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How Do You Specify the MBean You Want?

Most recently modified on 2010-07-16
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The AdminControl scripting object gives you the ability to call operations and to read and modify the attributes of an MBean. MBeans only come to life when the code that they instrument is loaded on a running server, so if all of your servers are stopped, you will not be able to use AdminControl with MBeans. In order to do anything, you have pass a parameter that tells the AdminControl scripting object which MBean we want. There are several acceptable data types for this parameter. The data type you choose determines which AdminControl methods you can use. For a Jython script writer, it is very difficult to even know that there are different data types because, to a script writer, they all look the same. In this article, we will talk about the different data types you can use to specify an MBean and how each data type affects the code you can write.

Data Type and Example Details
string This is arguably the most common way to describe an MBean. The text in the variable called "d" is the string representation of the name(s) of zero or more MBeans. Do not confuse this string with an ObjectName. If


returns more than one name, you will probably want to use


to break the string into an array of strings.

You almost always pass this method one or more name / value pairs followed by a ",*" Don't put any spaces anywhere in this string. The "*" is a wild card character. It is extremely rare to call this method without it. The more name / value pairs you specify, the fewer MBean names you get back.

d = AdminControl.queryNames( 'type=Server,*' ) Use a string to specify the MBean(s) names that you want. You will get a string containing zero or more names when you use this call
ObjectName This is a Java data type. Its fully qualified name is It contains a description of an MBean that has two parts - a domain and a collection of key/value pairs. See the examples later in this article. The domain is the part before the colon. The key/value pairs are separated by commas. Calling the


method of this Java data type will produce the string that looks like the output from


in the row above. In this case, looks are very deceiving.
x = AdminControl.makeObjectName( 'type=Server,*' ) x will hold an ObjectName. x and d might look the same but they hold very different data types.
ObjectInstance This is a Java data type. Think of this as a wrapper around an actual MBean. It is an instance of the Java data type There are several ways to obtain an ObJectInstance
i = AdminControl.getObjectInstance( x ) This call returns one ObjectInstance
HashSet This is a Java data type. It will hold zero or more ObjectInstances
m = AdminControl.queryMBeans( d ) This call could return more than one ObjectInstance. The ObjectInstances are returned inside a java.util.HashSet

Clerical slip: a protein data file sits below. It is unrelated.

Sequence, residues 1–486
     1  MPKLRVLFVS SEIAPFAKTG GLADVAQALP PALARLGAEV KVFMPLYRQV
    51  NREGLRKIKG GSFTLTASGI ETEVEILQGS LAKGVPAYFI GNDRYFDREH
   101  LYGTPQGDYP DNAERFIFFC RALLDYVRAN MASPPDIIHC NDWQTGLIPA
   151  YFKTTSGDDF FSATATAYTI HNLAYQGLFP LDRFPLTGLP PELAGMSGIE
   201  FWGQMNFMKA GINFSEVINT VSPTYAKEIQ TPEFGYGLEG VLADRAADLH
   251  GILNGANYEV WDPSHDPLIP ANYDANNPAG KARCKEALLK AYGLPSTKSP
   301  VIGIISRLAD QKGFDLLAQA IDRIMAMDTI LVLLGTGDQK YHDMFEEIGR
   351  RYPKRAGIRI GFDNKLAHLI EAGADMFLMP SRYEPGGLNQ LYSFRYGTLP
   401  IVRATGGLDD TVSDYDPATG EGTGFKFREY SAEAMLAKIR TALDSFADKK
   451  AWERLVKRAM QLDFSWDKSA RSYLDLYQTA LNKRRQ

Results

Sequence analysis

As you can see, there are four different data types that tell the AdminControl scripting object which MBean you want to work with. There is a little bit of confusion about what we have to pass to AdminControl and what we get back from the various AdminControl methods because IBM literature is not always as clear as we might wish. In addition, when we display a string or an ObjectName or an ObjectInstance or a HashSet on a Jython console, we often get very similar displays on our consoles. Let's run some code, examine the result and draw some conclusions. I copied and pasted from my WAS environment. Your display might look quite a bit different depending on how you have configured your WAS installation.

wsadmin>d = AdminControl.queryNames( 'type=Server,*' ) wsadmin>d 'WebSphere:name=dmgr,process=dmgr,platform=proxy,node=BossNode,j2eeType=J2EEServer,version=, type=Server,mbeanIdentifier=cells/KevinCell/nodes/BossNode/servers/dmgr/server.xml#Server_1, cell=KevinCell,spec=1.0,processType=DeploymentManager'

wsadmin>print d WebSphere:name=dmgr,process=dmgr,platform=proxy,node=BossNode,j2eeType=J2EEServer,version=, type=Server,mbeanIdentifier=cells/KevinCell/nodes/BossNode/servers/dmgr/server.xml#Server_1, cell=KevinCell,spec=1.0,processType=DeploymentManager

wsadmin>type( d ) <jclass org.python.core.PyString at 1147552870>

AdminControl.queryNames( 'type=Server,*' ) returns an ordinary string. This string is the string representation of the name of an MBean. It is not an MBean nor is is an MBean ObjectName. It is a string. The vast majority of scripts pass this string representation of the name of an MBean to various AdminControl methods. If we type d on a console line by itself, we can see quotes around the value that d holds. On the other hand, if we type print d, we see that same value without quotes. That will become important in a moment. Notice as well that the Jython language tells us that d holds a PyString. Now, let us use the string representation of the name of an MBean to create an ObjectName for that MBean.